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In the United States, goat’s milk is thought of as an alternative to cow’s milk, but in most areas of the world, the opposite is true. On a global level, more people drink goat’s milk than cow’s milk.
Most people assume that goat’s milk has the same potent musky taste for which goat cheese is notorious. The truth is that good-quality goat milk has a delicious, slightly sweet, and sometimes slightly salty taste.
Goats have played a role in food culture since time immemorial; ancient cave paintings illustrate the hunting of goats. Since goat herding is thought to have evolved around 8000 B.C.E. in the mountains of Iran, goats are considered to be one of the oldest domesticated animals.
Goat’s milk and cheese were revered in ancient Egypt, with some pharaohs supposedly having these foods placed along side the other treasures in their burial chambers. Goat’s milk was also frequently consumed by the ancient Greeks and Romans. Greek mythology tells us the story of the infant god Zeus, who was raised on the milk-filled teats of the goat-nymph Amalthea. The Chinese believed goat’s milk to be an excellent food to maintain general health, and it was employed to treat conditions of the throat and wind pipe. In 1970, the UN Food and Agricultural Organization published Observations on the Goat, a book that provided many useful insights into the history and benefits of goat's milk. In more recent times, European goat's milk producers such as France and the Netherlands have focused on making goat cheeses.
Goat’s milk has many of the same nutritional characteristics as cow's milk. It is a very good source of protein, phosphorus, calcium, riboflavin and biotin. It is also a good source of pantothenic acid and vitamin D.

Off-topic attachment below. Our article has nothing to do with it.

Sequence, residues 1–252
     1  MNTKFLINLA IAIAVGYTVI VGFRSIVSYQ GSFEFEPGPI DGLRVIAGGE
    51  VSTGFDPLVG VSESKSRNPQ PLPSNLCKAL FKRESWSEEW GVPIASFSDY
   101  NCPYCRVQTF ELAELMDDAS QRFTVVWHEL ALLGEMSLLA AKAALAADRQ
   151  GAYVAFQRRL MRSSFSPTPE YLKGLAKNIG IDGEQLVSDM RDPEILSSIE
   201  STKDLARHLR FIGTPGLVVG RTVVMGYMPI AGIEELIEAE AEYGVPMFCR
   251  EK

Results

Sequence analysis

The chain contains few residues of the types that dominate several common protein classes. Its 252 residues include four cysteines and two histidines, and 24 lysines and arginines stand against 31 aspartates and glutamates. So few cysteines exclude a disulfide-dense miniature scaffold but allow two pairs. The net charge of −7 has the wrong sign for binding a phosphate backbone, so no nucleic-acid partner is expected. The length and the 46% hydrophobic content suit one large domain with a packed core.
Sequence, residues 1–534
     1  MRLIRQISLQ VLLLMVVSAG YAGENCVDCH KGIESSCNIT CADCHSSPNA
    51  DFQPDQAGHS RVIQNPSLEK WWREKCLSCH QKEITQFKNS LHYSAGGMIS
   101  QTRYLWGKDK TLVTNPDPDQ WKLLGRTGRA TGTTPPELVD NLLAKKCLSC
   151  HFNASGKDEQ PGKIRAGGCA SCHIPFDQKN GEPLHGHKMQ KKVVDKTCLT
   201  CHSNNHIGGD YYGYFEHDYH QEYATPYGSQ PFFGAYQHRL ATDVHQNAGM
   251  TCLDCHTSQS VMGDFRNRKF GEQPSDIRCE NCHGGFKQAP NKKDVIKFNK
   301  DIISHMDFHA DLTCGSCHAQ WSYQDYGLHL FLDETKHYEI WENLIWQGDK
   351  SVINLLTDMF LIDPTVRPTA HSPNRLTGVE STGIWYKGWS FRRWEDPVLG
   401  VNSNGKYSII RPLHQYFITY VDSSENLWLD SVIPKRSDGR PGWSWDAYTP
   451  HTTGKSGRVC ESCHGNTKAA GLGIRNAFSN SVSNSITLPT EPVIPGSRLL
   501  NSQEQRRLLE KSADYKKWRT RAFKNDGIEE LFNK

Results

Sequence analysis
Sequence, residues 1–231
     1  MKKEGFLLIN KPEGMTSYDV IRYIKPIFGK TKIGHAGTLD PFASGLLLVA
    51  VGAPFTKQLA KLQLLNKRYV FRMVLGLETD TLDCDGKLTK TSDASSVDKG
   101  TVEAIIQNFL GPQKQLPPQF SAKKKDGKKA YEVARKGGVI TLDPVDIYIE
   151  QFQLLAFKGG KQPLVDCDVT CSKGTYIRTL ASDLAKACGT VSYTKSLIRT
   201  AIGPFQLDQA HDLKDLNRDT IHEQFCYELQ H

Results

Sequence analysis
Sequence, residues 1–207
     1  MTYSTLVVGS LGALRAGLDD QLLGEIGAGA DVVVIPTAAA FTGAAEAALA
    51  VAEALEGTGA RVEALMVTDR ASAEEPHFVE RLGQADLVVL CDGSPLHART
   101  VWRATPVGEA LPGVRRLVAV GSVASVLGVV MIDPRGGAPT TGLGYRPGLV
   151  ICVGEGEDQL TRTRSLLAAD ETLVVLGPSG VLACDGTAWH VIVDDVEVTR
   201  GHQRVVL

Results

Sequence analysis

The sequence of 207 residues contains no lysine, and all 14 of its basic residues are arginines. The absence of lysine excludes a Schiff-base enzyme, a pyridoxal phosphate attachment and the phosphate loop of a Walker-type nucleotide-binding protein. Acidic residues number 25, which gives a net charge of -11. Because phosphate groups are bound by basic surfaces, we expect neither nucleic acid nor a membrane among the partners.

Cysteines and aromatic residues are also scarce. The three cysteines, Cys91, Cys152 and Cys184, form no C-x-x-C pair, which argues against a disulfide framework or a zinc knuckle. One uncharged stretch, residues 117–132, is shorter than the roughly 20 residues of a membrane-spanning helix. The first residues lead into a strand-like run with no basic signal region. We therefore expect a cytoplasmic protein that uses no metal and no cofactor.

Perhaps the greatest benefit of goat’s milk is that some people who cannot tolerate cow’s milk are able to drink goat’s milk without any problems. Allergy to cow’s milk has been found in many people with conditions such as recurrent ear infections, asthma, eczema, and even rheumatoid arthritis. Replacing cow’s milk with goat’s milk may help to reduce some of the symptoms of these conditions.
Goat’s milk can sometimes even be used as a replacement for cow’s milk for children who have difficulties with dairy products. Unfortunately goat’s milk is lacking in several nutrients that are necessary for growing infants, so parents interested in goat's milk instead of cow’s milk-based formula for their infants should ask their pediatrician or other qualified healthcare practitioners for recipes and ways of adding these important and vital nutrients. For older children and adults, however, goat’s milk can be an excellent calcium rich alternative to cow’s milk, for in addition to calcium, it contains many of the same nutrients found in cow's milk.
SELECTION & STORAGE
For the freshest, and in areas where it’s legal, raw goat’s milk, go to your local farmer’s market. You can also get farm fresh goat’s milk from a local farm. To find one go to https://www.westonaprice.org/find-nutrient-dense-foods/
To help ensure you are getting fresh, unspoiled goat's milk from the grocery store, it is always best to check the sell by date before you buy your milk. Also, be sure to smell the top of the container to make sure that the milk isn’t spoiled. In some supermarkets or transportation settings, this milk may spend an extended period of time outside refrigeration, thus moving its freshness date forward from that stamped on the container. Select your goat’s milk from the coldest part of the refrigerator case, which is often the lower sections or and or in the back.
Goat’s milk will sour quickly if not refrigerated. Also, do not store goat’s milk in the refrigerator door, since this exposes it to the warmer temperature each time refrigerator is open and closed. Always seal or close the container to avoid the goat’s milk absorbing the aromas of other foods in the refrigerator.
Although goat’s milk is not typically an allergenic food, like cow’s milk it contains the milk sugar lactose and can produce adverse reactions in lactose intolerant individuals.
On a personal note, I fondly remember times at my grandparents small farm, they had goats, chickens, rabbits and even raised a runt pig. As little children, we learned to tend, feed, and even milk the goats, and we enjoyed the fresh milk as well as other things made from it like cheese, yogurt, ice cream, and even soap. I am looking forward to having goats again someday when I get off the road. ~Sara Pingel, FNTP
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